Port-au-Prince will have to be rebuilt and public institutions decentralized to meet the needs of the hundreds of thousands of Haitians expected to relocate to rural areas, CTV reported Bellerive as saying.
In addition, Monday's meeting provided an opportunity for the donor community, the Haitian government and the United Nations to review progress so far in the delivery of humanitarian assistance to Haiti.
A senior European diplomat, speaking on condition of anonymity to reporters in Washington, said the countries attending the Montreal meeting want to avoid pouring money into Haiti in ways that previously have yielded little result.
Priorities might include agriculture, reforestation and building new roads, with projects carried out in coordination with the Haitian government, according to the diplomat.
The diplomat also said France is ready to host a donors' conference on the Caribbean island of Martinique.
A spokesman for the Saudi Arabian Foreign Ministry said Monday that the nation donated $50 million to Haiti for relief aid. The spokesman, Usama al-Nugali, said the money has already been received by the United Nations.
Monday's meeting came as Haitians reacted with anger and frustration to news that efforts to rescue possible survivors had been called off.
Thousands of people pushed Sunday for rescue efforts to continue after a 24-year-old man was pulled alive from rubble Saturday, 11 days after the earthquake. He had no injuries, but was dehydrated. His brother said he had survived on cookies and beer from the store of the Hotel Napoli Inn, where he worked. He is recovering in a hospital.
Families of Americans who were staying at the Hotel Montana started an online petition Saturday in an effort to get search efforts to continue "until all the survivors are accounted for."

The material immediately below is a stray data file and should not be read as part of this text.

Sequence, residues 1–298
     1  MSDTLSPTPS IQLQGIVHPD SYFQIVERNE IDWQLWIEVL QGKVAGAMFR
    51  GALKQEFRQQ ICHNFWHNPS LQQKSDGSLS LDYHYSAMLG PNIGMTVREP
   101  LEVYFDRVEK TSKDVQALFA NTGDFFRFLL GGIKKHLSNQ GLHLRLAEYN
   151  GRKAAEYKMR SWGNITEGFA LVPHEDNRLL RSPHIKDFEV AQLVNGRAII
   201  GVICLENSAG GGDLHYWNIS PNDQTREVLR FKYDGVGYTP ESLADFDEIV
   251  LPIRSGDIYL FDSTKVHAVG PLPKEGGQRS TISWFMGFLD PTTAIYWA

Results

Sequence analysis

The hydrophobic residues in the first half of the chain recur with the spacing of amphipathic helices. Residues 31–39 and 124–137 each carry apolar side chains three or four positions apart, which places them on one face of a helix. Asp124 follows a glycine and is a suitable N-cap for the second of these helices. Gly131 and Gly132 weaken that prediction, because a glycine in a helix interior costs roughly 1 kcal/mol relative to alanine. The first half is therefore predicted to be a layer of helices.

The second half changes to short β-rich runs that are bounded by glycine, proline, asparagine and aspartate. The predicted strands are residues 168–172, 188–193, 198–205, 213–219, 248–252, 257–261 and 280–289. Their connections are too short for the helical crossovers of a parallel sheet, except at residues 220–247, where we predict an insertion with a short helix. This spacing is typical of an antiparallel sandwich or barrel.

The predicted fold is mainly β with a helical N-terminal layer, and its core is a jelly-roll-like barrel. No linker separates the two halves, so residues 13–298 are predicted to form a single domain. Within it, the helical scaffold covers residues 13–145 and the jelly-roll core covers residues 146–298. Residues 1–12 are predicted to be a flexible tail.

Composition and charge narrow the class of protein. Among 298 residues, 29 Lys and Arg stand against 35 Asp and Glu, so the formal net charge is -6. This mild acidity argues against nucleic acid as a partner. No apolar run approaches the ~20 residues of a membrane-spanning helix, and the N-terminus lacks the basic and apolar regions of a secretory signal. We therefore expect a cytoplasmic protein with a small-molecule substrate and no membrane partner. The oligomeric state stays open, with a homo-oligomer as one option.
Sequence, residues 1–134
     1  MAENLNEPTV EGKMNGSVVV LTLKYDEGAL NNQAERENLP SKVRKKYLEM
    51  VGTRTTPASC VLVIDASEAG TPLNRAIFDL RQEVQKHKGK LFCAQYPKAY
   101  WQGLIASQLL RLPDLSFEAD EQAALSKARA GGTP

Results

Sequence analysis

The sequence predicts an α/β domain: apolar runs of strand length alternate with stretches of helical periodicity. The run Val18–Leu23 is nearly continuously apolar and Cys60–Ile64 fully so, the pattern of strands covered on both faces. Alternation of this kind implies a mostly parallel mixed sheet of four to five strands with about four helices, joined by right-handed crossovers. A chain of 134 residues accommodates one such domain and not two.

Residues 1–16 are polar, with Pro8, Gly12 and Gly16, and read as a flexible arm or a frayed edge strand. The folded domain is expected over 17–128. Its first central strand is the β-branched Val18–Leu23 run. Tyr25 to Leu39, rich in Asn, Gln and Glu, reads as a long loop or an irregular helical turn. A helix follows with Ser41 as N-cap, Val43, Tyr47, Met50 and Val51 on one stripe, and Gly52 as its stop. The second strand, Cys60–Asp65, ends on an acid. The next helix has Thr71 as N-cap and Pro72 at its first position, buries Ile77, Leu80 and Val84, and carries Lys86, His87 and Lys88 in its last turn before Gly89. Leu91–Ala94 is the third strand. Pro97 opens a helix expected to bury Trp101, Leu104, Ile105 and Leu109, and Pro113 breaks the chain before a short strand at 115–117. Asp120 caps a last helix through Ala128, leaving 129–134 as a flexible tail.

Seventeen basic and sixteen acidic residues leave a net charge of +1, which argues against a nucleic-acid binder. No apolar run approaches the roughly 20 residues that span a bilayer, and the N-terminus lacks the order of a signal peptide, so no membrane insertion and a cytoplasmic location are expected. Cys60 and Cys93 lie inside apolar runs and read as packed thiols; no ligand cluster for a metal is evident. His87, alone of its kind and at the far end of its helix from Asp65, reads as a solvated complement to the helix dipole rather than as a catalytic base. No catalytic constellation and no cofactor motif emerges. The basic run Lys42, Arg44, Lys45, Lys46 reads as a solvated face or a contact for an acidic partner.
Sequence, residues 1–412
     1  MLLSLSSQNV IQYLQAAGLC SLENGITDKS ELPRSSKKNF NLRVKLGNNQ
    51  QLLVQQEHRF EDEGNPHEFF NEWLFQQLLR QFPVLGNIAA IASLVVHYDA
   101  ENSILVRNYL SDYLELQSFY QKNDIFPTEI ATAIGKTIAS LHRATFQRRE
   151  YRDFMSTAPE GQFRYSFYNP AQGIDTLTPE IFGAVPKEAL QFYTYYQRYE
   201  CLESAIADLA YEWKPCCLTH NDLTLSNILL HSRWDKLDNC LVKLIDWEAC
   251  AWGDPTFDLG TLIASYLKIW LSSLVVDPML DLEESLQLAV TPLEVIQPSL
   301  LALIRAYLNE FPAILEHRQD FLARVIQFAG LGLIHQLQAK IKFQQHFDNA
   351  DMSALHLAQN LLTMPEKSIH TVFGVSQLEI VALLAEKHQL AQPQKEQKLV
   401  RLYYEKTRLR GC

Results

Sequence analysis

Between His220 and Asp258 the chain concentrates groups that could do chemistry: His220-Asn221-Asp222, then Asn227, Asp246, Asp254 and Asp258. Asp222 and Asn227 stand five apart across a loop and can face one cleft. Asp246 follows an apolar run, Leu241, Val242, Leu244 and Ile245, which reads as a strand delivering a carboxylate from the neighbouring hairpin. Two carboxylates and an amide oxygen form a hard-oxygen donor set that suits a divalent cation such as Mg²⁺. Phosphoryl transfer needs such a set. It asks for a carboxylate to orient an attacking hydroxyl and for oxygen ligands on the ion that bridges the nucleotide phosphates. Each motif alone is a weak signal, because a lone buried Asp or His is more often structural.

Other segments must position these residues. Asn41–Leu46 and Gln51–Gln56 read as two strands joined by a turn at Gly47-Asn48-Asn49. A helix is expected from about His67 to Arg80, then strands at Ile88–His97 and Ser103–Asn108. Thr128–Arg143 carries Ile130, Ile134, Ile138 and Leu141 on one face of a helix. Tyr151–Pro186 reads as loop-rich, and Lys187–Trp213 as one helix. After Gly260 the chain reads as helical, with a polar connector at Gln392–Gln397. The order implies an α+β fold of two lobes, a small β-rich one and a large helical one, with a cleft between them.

As of Sunday morning, 2,395 people had signed the petition and sent 6,216 messages to the Senate, Congress and the White House, said Sue Keller, a friend of a family whose relatives are among the missing.
So far, 59 Americans, including three children, are confirmed dead in the magnitude-7.0 earthquake, the U.S. State Department said Monday.
The deaths include one U.S. embassy employee, previously identified as Victoria DeLong, and three children of embassy employees, according to Assistant Secretary of State P.J. Crowley.
Another 37 Americans are presumed dead, Crowley said.
About 11,500 Americans and some of their Haitian family members, who had medical emergencies or other circumstances, have been evacuated from Haiti, according to Crowley.
The Haitian government has said the earthquake is believed to have killed at least 150,000 people.
The rescues that occurred over the past week sparked hope among families of the missing. International search teams have rescued at least 132 people, the United Nations said.
More than 600,000 people have been left homeless in and around the capital, Port-au-Prince, the U.N. Office for the Coordination of Humanitarian Affairs said.
CNN's Jill Dougherty, Mohammed Jamjoom, Elise Labott and Lisa Desjardins contributed to this report.